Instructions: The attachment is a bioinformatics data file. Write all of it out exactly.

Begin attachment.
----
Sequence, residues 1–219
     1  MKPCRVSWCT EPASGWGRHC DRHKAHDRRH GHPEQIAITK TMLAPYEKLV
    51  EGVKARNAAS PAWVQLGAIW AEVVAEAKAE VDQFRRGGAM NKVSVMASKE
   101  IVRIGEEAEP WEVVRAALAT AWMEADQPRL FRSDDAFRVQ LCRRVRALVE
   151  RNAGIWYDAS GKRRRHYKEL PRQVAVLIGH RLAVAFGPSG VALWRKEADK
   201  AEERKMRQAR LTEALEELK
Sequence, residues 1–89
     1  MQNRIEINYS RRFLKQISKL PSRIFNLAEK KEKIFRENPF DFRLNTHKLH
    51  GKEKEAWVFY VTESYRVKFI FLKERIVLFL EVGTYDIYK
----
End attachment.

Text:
Sequence, residues 1–219
     1  MKPCRVSWCT EPASGWGRHC DRHKAHDRRH GHPEQIAITK TMLAPYEKLV
    51  EGVKARNAAS PAWVQLGAIW AEVVAEAKAE VDQFRRGGAM NKVSVMASKE
   101  IVRIGEEAEP WEVVRAALAT AWMEADQPRL FRSDDAFRVQ LCRRVRALVE
   151  RNAGIWYDAS GKRRRHYKEL PRQVAVLIGH RLAVAFGPSG VALWRKEADK
   201  AEERKMRQAR LTEALEELK
Sequence, residues 1–89
     1  MQNRIEINYS RRFLKQISKL PSRIFNLAEK KEKIFRENPF DFRLNTHKLH
    51  GKEKEAWVFY VTESYRVKFI FLKERIVLFL EVGTYDIYK